The Little Hours earns its status as a potential cult classic because it’s a really funny movie with really funny people. As previously stated, the film is made up of so many performers who are known for their cult appeal. Aubrey Plaza, Fred Armisen, Kate Micucci, John C. Reilly, and Nick Offerman all appeal to a specific crowd. It’s also interesting that this is an adaptation of a 14th century novella collection. Obviously, they don’t stick too close to the subject material, but the choice to fiddle with such an ancient piece of literature is admirable and hilarious.
Admirable and hilarious is more or less how the entire film can be described. It’s a risky little movie, and the risks mostly pay off. The jokes don’t always land, and the movie has a tendency to be crude just for the sake of it, but this remains an endlessly enjoyable comedy film throughout. The brilliant ensemble alone makes this worth the price of admission, but there are plenty of other goodies to discover.
2. I Don’t Feel at Home in This World Anymore
The oddly titled I don’t feel at home in this world anymore. may have been a Sundance darling, but it hasn’t been a huge success among more casual moviegoers. In terms of popularity, Netflix original movies tend to be very hit or miss.
Though they’re usually well-received, they rarely earn the same kind of attention as larger theatrical releases. Beasts of the Southern Wild benefited from Oscar-buzz, while Death Note had the benefit of a strong fanbase. This indie crime-comedy doesn’t have a whole lot of mainstream appeal, which is a shame because it’s one of the most satisfyingly quirky movies of the year.
The story, which revolves around a robbery gone wrong, is far less formulaic than it sounds. Thanks to a whip-smart script and unbelievable chemistry between Elijah Wood and Melanie Lynskey, the movie ends up being refreshingly weird.
Cynical characters having rough days aren’t anything new in the movie world, but the unique approach to the story makes the film infinitely more enjoyable. Netflix made the right choice in choosing to distribute the movie. It may not be their biggest hit, but it’s definitely one of their most enjoyable movies to date.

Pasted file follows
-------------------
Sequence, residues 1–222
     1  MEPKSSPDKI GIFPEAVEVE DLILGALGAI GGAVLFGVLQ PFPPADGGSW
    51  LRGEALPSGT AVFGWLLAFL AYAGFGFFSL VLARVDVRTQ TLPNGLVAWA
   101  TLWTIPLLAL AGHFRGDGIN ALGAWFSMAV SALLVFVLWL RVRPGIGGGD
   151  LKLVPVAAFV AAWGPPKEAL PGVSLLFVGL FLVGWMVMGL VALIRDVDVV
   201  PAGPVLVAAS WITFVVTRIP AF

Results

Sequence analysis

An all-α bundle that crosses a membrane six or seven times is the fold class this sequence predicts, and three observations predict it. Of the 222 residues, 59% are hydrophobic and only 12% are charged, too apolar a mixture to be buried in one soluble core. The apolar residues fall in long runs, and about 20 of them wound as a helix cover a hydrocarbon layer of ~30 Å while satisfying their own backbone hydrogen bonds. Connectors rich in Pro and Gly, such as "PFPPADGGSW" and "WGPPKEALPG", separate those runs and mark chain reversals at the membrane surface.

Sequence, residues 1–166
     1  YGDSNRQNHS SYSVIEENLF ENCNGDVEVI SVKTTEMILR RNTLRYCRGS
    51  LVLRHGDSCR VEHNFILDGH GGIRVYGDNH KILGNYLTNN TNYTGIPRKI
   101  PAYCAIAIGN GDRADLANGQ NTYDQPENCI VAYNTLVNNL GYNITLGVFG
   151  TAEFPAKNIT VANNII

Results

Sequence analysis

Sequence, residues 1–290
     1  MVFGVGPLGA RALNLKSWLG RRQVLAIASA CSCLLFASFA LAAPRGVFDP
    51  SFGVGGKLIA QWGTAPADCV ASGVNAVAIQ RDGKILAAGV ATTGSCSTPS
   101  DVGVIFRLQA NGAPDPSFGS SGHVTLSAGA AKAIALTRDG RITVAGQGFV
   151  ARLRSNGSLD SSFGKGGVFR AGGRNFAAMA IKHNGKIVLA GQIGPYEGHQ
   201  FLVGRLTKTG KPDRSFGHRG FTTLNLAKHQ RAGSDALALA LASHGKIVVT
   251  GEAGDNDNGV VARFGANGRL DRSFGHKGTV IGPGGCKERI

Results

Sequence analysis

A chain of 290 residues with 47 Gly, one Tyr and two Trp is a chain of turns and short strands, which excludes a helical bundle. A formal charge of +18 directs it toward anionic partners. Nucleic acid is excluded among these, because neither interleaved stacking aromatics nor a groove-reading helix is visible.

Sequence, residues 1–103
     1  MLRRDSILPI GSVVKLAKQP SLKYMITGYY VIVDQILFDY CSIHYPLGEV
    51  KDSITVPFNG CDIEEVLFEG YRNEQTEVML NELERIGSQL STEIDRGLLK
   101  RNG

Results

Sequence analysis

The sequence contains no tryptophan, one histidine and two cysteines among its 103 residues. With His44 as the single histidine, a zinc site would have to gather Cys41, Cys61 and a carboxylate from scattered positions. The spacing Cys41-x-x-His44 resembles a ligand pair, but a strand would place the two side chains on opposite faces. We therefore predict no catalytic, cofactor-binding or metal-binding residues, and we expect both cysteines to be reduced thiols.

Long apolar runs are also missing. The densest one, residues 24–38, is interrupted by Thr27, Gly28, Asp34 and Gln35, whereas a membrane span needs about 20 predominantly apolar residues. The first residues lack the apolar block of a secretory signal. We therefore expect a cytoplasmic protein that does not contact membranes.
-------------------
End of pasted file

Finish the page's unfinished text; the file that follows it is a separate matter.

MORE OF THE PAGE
Raw is a horror masterpiece. There’s simply no other way to put it. This gruesome, fearless foreign horror flick has the guts (both figuratively and literally) that you can’t find in any other horror movie. It’s smart, it’s daring, and above all, it’s pretty damn creepy. It’s also incredibly disturbing, to the point where people had to leave the TIFF screening last year due to nausea. The over-the-top gore heavily limits the film’s appeal. While it’s not quite as unsettling as A Serbian Film or Cannibal Holocaust, it’s still far too graphic for casual horror fans to enjoy.
That’s a shame because it’s one of the strongest female-led horror films of the decade, alongside The Babadook, Cabin in the Woods, and It Follows. Garance Marillier is tremendous. She’s so tremendous that she could very well be a French scream queen if she really wanted to. She certainly has the acting chops.
It’s not just the underlying feminist message that makes Raw so appealing. The skillful direction, intelligent script, and gorgeous cinematography also play a part in the success of the movie. Another key ingredient to its potential cult status is the fact that cult classics are often incredibly violent due to the fact that violence is what limited their appeal in the first place. Raw dumps buckets of gore onto the screen, and every ounce of it feels meaningful. There are so many reasons Raw works, but the only way one can truly witness the brilliance is to see it.
Author Bio: Justin is a paraprofessional teaching assistant and full-time film enthusiast with a degree in English. When he’s not writing about films, he’s probably watching them in his spare time.